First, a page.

The Gerald L. Klerman Award is the highest honor that DBSA gives to members of the scientific community. Presented each year, this award recognizes researchers whose work advances knowledge of the causes, diagnosis, and treatment of depression and bipolar disorder. Up to two awards are given annually in each of the following two categories: DBSA Gerald L. Klerman Award, Senior Investigator and DBSA Gerald L. Klerman Award, Young Investigator.
Gerald L. Klerman (1928-1992) was an educator, researcher, clinician, author, and administrator who specialized in depression, schizophrenia, and panic and other anxiety disorders. He was also one of DBSA’s earliest supporters. Klerman conducted the first clinical trial showing the efficacy of medication and psychotherapy in preventing recurrent depression and led the first large-scale, multi-site study to understand the diagnosis, course, and genetics of major depression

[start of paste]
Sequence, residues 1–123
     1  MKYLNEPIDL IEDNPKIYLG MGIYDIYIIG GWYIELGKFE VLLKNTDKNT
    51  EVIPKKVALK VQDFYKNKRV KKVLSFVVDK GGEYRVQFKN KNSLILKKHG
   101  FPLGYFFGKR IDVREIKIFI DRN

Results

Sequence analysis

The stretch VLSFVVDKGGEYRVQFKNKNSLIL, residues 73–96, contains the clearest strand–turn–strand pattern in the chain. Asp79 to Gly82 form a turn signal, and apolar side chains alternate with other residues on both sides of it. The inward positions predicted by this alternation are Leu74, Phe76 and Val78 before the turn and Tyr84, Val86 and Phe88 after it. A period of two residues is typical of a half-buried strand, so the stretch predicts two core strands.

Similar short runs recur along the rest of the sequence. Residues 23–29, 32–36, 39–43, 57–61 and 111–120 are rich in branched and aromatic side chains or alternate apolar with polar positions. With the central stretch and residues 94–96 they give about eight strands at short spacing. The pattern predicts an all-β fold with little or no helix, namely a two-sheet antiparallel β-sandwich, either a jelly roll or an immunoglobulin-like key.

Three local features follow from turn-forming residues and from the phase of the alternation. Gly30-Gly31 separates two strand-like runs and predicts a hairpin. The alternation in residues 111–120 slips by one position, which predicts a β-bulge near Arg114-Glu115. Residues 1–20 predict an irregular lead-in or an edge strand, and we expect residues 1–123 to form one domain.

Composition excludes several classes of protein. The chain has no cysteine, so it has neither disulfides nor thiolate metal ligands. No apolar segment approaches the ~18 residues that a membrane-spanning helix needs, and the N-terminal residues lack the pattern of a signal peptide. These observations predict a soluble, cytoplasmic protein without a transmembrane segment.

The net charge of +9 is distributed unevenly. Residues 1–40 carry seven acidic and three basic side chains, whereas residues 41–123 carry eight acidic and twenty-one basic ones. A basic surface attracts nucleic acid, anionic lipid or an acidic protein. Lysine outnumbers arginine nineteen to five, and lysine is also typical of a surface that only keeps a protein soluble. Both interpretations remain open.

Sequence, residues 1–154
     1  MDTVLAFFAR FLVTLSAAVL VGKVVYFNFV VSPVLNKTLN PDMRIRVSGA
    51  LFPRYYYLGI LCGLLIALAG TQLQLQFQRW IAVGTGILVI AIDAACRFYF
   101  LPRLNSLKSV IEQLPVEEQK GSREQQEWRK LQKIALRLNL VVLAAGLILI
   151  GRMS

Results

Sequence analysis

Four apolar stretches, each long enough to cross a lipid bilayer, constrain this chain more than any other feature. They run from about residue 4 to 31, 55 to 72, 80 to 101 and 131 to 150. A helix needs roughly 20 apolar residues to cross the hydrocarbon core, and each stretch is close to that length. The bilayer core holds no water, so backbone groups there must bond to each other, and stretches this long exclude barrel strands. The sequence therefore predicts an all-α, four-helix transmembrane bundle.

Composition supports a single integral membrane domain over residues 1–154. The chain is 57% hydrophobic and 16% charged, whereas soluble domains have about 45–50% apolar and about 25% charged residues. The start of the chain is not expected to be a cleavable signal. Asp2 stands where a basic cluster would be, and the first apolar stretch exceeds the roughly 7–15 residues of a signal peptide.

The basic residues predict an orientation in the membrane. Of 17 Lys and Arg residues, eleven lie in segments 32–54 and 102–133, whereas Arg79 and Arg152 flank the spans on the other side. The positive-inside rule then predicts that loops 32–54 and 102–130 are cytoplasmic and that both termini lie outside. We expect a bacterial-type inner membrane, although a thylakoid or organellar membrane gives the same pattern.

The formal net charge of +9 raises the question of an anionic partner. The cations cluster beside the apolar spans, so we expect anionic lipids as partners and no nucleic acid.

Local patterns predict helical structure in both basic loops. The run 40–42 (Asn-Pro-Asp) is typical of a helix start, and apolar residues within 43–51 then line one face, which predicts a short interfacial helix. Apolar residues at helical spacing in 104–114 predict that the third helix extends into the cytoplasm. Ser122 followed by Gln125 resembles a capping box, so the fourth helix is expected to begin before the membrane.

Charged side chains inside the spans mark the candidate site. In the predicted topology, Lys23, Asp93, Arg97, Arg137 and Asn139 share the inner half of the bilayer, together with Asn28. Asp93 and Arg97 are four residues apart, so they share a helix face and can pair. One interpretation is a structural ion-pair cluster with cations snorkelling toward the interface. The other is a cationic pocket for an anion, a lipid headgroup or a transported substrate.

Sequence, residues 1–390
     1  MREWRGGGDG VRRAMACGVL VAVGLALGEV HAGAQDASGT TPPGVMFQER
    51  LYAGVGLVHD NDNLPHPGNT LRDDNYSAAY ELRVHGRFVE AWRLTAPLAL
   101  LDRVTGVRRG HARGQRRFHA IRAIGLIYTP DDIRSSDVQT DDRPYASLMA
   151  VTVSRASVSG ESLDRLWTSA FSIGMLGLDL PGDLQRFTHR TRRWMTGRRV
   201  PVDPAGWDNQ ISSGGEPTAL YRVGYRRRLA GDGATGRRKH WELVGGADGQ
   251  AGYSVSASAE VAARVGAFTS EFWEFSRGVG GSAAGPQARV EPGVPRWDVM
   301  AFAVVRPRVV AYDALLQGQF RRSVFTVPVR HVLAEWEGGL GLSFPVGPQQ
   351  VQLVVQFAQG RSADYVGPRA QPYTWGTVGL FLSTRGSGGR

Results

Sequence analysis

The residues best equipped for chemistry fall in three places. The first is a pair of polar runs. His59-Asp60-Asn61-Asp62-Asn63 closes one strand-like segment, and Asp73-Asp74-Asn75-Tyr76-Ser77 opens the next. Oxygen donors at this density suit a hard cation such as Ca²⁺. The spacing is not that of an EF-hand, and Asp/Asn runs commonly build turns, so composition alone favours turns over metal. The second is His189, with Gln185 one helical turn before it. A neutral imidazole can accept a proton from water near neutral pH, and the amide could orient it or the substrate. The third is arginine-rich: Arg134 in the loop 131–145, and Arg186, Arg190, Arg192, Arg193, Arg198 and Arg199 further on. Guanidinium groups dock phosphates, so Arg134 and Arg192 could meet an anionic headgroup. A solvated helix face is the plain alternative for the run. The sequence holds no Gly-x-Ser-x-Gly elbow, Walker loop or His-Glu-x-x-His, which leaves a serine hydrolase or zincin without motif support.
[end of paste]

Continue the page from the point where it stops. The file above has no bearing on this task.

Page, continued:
From 1966 to 1970 Klerman served on the faculty at Yale University. He subsequently moved to Harvard University where he taught at the medical school and was director of psychiatric research at Massachusetts General Hospital, as well as director of the Eric Lindemann Mental Health Center. He was appointed head of the Alcohol, Drug Abuse and Mental Health Administration from 1977 to 1980 by President Jimmy Carter, and then became professor of psychiatry and vice chairman of research at Cornell Medical College and New York Hospital. He was the author of numerous articles and books.